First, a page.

Ondanestron for Awake Intubation

A listener, Brian Katan, wrote to suggest adding ondansetron to the awake intubation procedure. Now this is interesting, because I don’t want the patient to vomit from ramming things into the back of her throat, but the mechanism is not nausea–it is the gag reflex. So, the question is: does ondansetron affect the gag reflex? Turns out it does…

Evaluation of the efficacy of oral ondansetron on gag reflex in soft palate and palatine tonsil areas

So now, ondansetron 4 mg IVP has been added to the airway checklist. Thanks Brian!

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  1. John Hinds says

    IV Granisteron has also been looked at (successfully, though small groups but blinded and placebo control)

    I used to use it for this reason (when it was still in our cupboards) for ENT lists; have since switched to Ondansetron

    Never occured to me to use it in AFO intubation as well though; good tip!


  2. Jimmy D says

    OK, interesting information. I just administered Ondansetron 4 mg IVP to my patient I am sedating just now.

    Some 15 years ago, I was privy to an unusual side effect of Ondansetron in a patient I cared for that underwent anterior cervical discectomy and fusion. He was a tall, thin gentleman in his early 40’s with a history of herniated cervical discs. Surgical procedure, airway management and anesthetic was unremarkable, and I was making a brief visit to the patient the afternoon of postop day 1 when the story gets interesting.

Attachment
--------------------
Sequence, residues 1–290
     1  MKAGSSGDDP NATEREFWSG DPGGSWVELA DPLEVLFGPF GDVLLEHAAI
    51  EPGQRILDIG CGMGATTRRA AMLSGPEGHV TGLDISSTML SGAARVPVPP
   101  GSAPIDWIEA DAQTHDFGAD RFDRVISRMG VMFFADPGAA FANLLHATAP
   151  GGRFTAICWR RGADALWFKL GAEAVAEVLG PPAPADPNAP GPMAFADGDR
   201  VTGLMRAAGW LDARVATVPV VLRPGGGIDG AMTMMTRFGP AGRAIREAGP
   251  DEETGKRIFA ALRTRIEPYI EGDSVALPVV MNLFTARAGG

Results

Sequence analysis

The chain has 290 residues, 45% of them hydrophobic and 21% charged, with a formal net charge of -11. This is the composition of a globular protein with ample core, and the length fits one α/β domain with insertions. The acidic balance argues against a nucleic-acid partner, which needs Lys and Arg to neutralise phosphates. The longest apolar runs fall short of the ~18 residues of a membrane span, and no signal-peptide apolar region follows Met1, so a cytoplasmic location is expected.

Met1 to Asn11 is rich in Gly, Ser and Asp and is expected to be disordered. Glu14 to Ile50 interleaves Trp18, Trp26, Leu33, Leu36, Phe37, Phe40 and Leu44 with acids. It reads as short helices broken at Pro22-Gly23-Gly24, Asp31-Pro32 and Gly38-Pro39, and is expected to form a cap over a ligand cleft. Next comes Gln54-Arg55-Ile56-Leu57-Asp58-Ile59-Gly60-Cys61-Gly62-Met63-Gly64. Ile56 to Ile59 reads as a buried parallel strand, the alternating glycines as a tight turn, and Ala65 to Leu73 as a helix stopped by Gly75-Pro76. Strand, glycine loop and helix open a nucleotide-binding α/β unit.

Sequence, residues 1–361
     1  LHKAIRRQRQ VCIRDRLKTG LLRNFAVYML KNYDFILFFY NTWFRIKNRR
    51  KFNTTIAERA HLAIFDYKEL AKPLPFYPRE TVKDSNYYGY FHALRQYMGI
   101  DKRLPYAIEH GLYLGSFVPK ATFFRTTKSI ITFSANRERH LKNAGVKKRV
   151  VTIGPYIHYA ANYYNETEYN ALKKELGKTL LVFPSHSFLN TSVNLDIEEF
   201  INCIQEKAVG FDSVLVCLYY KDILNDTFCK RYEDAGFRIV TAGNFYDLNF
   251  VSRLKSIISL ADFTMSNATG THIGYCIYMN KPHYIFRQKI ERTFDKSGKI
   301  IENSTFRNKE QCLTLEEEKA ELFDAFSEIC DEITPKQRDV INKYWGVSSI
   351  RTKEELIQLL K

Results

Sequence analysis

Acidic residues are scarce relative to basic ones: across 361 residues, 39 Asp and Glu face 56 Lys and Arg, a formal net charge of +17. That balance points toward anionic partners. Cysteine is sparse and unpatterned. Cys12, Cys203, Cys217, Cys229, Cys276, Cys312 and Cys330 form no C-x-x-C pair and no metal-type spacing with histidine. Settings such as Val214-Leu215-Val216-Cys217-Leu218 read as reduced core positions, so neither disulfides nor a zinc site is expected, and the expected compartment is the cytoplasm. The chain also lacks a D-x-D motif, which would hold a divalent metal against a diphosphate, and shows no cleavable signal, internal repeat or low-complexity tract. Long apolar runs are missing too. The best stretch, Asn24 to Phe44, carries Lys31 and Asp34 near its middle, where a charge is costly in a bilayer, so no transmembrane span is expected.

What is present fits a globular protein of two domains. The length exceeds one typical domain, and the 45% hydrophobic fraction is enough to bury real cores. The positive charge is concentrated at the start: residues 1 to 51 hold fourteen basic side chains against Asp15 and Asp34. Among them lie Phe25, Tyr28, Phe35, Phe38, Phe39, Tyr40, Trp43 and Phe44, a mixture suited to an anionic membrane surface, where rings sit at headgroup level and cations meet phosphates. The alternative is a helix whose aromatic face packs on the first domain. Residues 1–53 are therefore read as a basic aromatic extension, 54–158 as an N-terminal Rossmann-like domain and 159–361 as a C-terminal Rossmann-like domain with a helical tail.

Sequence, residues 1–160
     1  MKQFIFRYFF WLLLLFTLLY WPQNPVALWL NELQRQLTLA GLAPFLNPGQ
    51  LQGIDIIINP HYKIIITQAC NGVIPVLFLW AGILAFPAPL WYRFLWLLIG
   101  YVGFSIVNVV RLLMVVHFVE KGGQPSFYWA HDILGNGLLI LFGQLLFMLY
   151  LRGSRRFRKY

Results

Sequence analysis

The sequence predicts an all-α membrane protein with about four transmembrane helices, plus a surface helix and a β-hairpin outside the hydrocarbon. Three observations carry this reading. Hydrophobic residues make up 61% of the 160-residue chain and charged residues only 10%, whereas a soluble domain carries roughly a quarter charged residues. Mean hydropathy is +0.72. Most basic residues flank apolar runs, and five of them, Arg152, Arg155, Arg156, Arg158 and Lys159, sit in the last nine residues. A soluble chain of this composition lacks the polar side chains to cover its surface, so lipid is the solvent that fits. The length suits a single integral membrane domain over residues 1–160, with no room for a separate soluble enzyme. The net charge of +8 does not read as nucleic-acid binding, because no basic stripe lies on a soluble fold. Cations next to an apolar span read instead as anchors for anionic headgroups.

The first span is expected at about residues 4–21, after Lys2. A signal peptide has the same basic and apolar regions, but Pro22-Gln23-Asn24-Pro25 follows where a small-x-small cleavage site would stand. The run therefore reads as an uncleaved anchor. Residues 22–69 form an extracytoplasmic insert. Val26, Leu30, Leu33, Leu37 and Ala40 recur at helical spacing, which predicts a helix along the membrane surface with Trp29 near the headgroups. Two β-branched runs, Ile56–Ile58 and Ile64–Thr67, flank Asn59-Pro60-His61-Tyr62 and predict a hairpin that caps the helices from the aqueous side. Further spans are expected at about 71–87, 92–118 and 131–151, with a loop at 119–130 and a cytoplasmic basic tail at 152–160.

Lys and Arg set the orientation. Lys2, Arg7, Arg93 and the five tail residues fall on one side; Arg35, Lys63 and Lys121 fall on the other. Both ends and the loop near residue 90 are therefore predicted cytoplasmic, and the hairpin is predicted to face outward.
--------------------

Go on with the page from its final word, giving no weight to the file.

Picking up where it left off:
The patient was recovering well, and had just returned from physical therapy when I paid him a visit postop day 1. He was otherwise without complaint, save for feeling nauseated. I reassured him, ordered Ondansetron 4 mg IV for nausea, and took my leave for the doctors’ locker room to change out of scrubs and leave the hospital. As I was exiting the hospital, a cardio-pulmonary arrest alert was called over the hospital PA system to that patient’s room. I ran up to assist with the crisis, and found the patient receiving bag-valve-mask ventilation from a respiratory therapist, patient visibly awake, with eyes wide open in terror. I slid to the head of the bed, took control of the BVM from the respiratory therapist (while politely stopping him from inserting a nasal airway in an obviously awake patient), and looked the guy over. He was awake, but his airway was obstructed. I took the approach of gentle positive airway CPAP with the BVM, and with a calming voice, I told the patient that he was going to be alright. The airway obstruction soon abated, the patient was able to be ventilated, and 2 short minutes later, the crisis was over.

    Diagnosis? Laryngospasm following rapid IV bolus of Ondansetron.

    The patient related to me that his nurse administered the drug in a manner inconsistent with its labeling. This drug is to be given slow IV push. The patient stated that his nurse blustered into his room after I placed the order, connected the syringe to the IV line, then injected the medication as if she were trying to clear an obstructed toilet, then turned on her heels and exited the patient’s room. His total inability to breathe came shortly thereafter.

    So, just be on notice–this stuff does affect airway reflexes. Dude, I’ve seen it.

    • Don says

      I never, ever, ever just walk up to an IV and jam the medication in unless it is clearly indicated, i.e. adenosine challenge or RSI procedure. I teach and stress the need to dilute and administer slowly most medications as we give it. Working in the ED, I hang a bag of NS after I start most of my IV’s to ensure the pain and nasea medications are given with a little dilution to avoid deleterious effects. Thoughts.


  1. […] is also an interesting article on the EMCrit Blog suggesting that ondanstron suppresses the gag reflex and may be useful in awake […]

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